CONSULTATION ON COMMISSIONING – CAMPAIGN FOR TIME TO RESPOND
NALM, the National Association of LINks members, has complained to health minister Jeremy Hunt about the lack of consultation time on specialised service commissioning, which will affect the addiction-treatment field. The NALM letter below explains the facts – join them in asking Hunt for more time to respond. National Association of LINks Members.
"There has been no process of broad and extensive engagement on the 120 draft service specifications and 43 clinical commissioning policies as claimed by the NHSCB, and little public influence to inform and influence the policies and specifications."
Deadline is currently 25 January!
Rt Hon Jeremy Hunt MP
Secretary of State for Health
Department of Health
79 Whitehall, London SW1A 2NS January 20th 2013
Dear Mr Hunt,
We are writing to share with you our concerns about the performance of the NHS Commissioning Board, in relation its statutory duty to consult the public on major issues of policy regarding the commissioning of health care.
Our concerns relate to the ‘Consultation on service specifications and clinical policies’, which are subject to public consultation from 12 December 2012 to 25 January 2013 – 29 working days, including the Christmas period. This consultation sought the public’s views on 120 draft service specifications and 43 clinical commissioning policies. We believe that allowing such a short time for a critical public consultation is inadequate and inappropriate.
These service specifications and clinical commissioning policies for specialised services are key to defining what services need to be in place for providers to offer user-led, evidence-based, safe and effective services. The NHSCB are seeking the views of patients and carers, patient groups, charities, nurses, doctors and service providers, in a way that is not consistent with either the statutory duties of the NHS Commissioning Board, the NHS constitution or Cabinet Office guidance.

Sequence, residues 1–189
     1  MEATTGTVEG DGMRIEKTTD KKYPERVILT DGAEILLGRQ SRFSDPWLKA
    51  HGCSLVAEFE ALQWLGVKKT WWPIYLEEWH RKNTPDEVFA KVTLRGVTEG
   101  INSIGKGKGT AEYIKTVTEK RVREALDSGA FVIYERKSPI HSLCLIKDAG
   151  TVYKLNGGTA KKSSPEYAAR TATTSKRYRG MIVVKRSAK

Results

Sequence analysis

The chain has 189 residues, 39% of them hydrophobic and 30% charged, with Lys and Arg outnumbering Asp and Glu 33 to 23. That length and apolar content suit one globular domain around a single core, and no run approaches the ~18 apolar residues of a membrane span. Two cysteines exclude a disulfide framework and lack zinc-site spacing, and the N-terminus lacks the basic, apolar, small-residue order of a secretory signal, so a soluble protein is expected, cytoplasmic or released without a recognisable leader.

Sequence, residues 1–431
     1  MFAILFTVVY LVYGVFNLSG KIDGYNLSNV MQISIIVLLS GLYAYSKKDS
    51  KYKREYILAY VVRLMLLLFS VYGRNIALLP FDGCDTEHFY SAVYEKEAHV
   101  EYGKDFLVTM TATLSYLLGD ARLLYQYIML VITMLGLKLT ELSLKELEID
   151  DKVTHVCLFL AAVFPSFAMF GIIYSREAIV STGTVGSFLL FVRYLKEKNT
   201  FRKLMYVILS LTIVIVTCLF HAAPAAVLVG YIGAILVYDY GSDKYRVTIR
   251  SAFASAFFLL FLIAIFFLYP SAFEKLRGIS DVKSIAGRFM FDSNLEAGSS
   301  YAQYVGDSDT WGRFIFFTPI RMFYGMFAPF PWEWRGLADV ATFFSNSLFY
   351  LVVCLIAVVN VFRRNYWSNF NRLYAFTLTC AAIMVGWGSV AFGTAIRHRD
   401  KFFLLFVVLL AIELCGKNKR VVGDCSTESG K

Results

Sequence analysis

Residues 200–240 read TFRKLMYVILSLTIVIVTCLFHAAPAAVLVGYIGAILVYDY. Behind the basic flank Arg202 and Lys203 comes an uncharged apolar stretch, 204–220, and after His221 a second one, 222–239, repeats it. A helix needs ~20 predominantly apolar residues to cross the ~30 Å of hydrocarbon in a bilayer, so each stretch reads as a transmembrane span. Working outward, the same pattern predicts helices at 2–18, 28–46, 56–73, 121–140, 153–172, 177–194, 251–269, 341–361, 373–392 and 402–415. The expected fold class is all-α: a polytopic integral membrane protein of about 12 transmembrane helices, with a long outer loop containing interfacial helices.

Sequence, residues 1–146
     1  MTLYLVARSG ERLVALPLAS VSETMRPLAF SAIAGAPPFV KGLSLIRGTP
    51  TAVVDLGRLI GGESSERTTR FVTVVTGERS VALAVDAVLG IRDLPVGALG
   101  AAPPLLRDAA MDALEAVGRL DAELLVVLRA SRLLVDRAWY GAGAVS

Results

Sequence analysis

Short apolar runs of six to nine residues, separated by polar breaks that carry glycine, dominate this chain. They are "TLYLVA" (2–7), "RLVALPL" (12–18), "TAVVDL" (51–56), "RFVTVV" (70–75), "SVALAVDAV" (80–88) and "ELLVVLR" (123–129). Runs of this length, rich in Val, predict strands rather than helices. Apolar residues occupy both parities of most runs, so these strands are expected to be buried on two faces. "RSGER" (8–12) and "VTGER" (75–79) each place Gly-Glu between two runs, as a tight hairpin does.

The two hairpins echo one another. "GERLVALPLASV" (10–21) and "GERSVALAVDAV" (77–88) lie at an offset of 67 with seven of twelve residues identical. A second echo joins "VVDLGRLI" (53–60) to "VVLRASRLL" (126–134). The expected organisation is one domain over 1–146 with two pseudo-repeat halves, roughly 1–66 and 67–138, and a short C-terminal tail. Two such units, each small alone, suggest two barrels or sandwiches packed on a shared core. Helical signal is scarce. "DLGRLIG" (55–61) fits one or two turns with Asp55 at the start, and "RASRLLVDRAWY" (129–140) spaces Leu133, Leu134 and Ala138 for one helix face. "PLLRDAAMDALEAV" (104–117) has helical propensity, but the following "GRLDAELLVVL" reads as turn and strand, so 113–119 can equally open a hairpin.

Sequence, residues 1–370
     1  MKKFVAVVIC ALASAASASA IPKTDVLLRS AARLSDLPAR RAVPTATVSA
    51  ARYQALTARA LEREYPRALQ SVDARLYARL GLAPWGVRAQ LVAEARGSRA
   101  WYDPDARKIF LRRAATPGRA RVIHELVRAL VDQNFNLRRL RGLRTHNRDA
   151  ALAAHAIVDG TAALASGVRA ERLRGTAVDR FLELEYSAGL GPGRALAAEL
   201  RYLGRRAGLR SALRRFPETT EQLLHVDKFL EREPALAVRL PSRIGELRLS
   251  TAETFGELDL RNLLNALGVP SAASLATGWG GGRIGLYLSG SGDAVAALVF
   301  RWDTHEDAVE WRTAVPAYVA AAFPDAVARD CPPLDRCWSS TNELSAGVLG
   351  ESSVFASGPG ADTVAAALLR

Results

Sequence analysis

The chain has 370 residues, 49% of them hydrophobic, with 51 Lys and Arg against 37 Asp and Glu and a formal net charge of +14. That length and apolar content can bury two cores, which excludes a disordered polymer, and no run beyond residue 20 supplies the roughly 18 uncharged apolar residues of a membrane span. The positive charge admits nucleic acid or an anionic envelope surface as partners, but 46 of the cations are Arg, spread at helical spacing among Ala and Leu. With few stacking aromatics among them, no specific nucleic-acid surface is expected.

We have written to David Nicholson on two occasions regarding this matter but have not had the courtesy of a reply or even an acknowledgement.
As you know, the Health and Social Care Act 2012 (Para 23, 13Q) places a duty on the NHS Commissioning Board in relation to public involvement and consultation by the Board.
The Board must make arrangements to secure that individuals to whom the services are being or may be provided are involved (whether by being consulted or provided with information or in other ways)—
(a) in the planning of the commissioning arrangements by the Board,
(b) in the development and consideration of proposals by the Board for changes in the commissioning arrangements where the implementation of the proposals would have an impact on the manner in which the services are delivered to the individuals or the range of health services available to them, and
(c) in decisions of the Board affecting the operation of the commissioning arrangements where the implementation of the decisions would (if made) have such an impact.
It was clearly the intention of Parliament that public involvement and consultation with the public should become very much more effective and inclusive and be enacted so as to be pursuant with the aspirations of the White Paper Equity and Excellence (July 2010), which intended to ‘strengthen the collective voice of patients’ in the NHS and other health services.
The NHS Commissioning Board also seem to be ignoring their duty to promote the NHS Constitution
(a) act with a view to securing that health services are provided in a way which promotes the NHS Constitution,
(b) promote awareness of the NHS Constitution among patients, staff and members of the public.
In relation to their duties under the NHS Constitution, the NHS Commissioning Board should ensure in relation to public consultation that: